Rules of Behavior
I don’t recognize today’s society that rewards segments of the population who don’t do as they are supposed to and gives the majority of breaks to those groups who are continuously allowed to slip under the radar, unscathed and with blatant disregard for the rules.
My parents taught me, by example and guidance, that you did what was expected of you. If you didn’t, it was unacceptable and considered bad behavior…and my siblings and I were punished, or at the very least made to suffer the consequences.
Today, ANYTHING goes!!
When I was in fifth grade, my prized possession was pair of black and white saddle oxfords. I would meticulously polish them every evening, wearing an old pair of white cotton gloves my mother gave me to keep my hands polish-free.
Every morning, a boy in my class would grind his foot on my shoes, ruining my polish job. I retaliated by pinching him as hard as I could.
He told his mother only that I pinched him and showed her the red marks on his arm.
Unbeknownst to me, his mother informed the teacher who, in turn, called my mother.
With no forewarning, the bully and I were made to stand up in front of class the next day and apologize to each other.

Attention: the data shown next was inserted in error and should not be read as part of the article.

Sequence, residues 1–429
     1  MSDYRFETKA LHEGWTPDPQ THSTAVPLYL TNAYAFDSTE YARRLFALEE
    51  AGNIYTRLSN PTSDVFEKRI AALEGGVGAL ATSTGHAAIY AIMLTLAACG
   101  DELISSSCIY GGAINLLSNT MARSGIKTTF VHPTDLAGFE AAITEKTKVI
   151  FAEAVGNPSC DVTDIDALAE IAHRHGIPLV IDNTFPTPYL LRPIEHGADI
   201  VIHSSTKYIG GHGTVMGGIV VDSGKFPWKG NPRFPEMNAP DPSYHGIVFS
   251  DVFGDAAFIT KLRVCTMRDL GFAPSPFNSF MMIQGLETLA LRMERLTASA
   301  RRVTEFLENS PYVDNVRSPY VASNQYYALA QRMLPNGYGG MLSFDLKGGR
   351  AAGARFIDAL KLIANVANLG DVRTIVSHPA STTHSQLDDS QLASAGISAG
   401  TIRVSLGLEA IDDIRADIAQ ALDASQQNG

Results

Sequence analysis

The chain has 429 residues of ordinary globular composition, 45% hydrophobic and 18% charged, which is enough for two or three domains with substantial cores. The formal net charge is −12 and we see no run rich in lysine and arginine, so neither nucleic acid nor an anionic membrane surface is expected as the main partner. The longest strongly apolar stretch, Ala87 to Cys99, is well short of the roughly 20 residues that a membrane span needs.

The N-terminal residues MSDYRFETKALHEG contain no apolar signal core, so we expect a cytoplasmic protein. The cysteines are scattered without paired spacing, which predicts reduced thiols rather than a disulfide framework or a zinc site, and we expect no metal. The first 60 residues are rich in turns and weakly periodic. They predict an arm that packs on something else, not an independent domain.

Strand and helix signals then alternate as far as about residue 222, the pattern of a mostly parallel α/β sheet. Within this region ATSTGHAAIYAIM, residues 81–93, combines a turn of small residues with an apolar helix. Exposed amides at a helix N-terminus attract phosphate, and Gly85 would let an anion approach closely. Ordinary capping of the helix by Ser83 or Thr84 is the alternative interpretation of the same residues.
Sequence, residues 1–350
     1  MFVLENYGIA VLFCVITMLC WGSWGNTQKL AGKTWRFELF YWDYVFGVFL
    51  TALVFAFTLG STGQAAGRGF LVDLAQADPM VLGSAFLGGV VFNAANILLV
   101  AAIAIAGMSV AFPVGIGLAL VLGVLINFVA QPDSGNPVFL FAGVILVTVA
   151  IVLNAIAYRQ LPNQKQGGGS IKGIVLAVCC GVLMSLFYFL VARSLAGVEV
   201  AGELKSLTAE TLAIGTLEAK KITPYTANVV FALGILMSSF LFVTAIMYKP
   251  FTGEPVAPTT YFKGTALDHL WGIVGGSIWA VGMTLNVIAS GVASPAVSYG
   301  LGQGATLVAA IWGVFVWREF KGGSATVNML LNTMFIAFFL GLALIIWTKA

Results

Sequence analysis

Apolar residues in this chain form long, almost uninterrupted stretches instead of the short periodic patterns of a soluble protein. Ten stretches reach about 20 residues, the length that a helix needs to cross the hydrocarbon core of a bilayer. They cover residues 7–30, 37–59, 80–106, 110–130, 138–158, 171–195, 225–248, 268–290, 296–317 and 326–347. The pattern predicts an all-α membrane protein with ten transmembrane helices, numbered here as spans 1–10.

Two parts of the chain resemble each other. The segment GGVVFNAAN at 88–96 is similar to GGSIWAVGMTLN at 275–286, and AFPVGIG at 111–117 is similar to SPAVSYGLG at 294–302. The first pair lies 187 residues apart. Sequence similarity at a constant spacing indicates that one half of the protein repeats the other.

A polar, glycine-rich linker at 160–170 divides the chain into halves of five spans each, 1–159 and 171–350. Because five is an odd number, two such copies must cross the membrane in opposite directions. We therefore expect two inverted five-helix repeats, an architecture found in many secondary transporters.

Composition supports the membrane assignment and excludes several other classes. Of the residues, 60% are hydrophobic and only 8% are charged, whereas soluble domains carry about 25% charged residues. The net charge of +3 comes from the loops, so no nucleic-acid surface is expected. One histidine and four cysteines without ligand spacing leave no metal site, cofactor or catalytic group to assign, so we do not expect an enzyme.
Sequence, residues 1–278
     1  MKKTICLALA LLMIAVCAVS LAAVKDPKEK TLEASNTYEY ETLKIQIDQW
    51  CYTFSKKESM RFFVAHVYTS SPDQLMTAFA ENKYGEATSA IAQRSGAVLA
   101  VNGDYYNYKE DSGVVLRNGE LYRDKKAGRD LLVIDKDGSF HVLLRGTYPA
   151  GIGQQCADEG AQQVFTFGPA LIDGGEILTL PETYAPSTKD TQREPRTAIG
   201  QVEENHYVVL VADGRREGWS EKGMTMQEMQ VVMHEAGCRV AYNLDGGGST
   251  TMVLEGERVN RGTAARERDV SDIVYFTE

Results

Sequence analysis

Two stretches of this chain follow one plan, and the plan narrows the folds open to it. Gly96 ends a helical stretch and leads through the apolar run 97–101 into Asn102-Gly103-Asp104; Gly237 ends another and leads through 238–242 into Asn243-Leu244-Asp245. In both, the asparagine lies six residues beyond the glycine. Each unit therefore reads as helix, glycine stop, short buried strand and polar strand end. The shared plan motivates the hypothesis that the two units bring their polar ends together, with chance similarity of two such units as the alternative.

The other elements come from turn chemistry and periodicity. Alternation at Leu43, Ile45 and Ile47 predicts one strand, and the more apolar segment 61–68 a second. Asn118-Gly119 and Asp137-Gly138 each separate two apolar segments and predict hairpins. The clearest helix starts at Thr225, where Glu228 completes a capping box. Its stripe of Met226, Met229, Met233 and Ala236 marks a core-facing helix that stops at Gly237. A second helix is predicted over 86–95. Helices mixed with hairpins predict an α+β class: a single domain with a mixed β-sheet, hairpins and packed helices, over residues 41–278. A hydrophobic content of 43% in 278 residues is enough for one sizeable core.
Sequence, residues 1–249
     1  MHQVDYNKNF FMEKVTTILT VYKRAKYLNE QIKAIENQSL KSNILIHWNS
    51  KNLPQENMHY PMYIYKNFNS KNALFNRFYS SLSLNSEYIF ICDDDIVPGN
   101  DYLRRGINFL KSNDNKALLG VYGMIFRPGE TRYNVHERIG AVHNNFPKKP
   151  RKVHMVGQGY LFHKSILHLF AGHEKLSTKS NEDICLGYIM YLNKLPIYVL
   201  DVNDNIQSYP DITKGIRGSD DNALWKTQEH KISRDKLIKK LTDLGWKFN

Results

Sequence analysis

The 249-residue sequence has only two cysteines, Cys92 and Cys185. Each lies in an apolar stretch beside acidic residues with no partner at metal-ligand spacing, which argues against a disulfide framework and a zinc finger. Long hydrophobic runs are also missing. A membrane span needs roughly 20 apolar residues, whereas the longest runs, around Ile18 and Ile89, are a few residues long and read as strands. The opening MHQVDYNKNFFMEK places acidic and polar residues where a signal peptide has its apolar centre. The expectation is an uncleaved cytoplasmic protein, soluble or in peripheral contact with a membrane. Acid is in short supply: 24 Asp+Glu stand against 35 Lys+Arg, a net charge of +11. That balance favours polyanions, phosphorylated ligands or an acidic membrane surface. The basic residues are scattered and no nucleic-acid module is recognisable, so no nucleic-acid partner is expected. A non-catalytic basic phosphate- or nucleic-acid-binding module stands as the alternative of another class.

We were BOTH made accountable for our actions.
My parents didn’t make a big deal out of it, but I was mortified! I thought I had done nothing wrong, defending myself against the grinding foot of that bully.
I felt betrayed by my mother, by my teacher, by a system that would lump the good and bad together, causing everyone to suffer.
Even so, I kept on polishing my shoes just as industriously as before and steered clear of that boy who, never again, stepped on my toes.
Rules of behavior are established to keep us on the right track and to define what is expected of us. When the boundaries of fair and good conduct are sidestepped, we ALL pay a price.
I believe I saw it coming in the fifth grade. I landed in that awkward position because I valiantly tried to protect myself against a bullying force meant to destroy what I had worked so hard at achieving.
Now after fifty years of “polishing my shoes”, the gloves are OFF. And I don’t care if I have to stand up and say I’m sorry. I’m going to PINCH somebody!!
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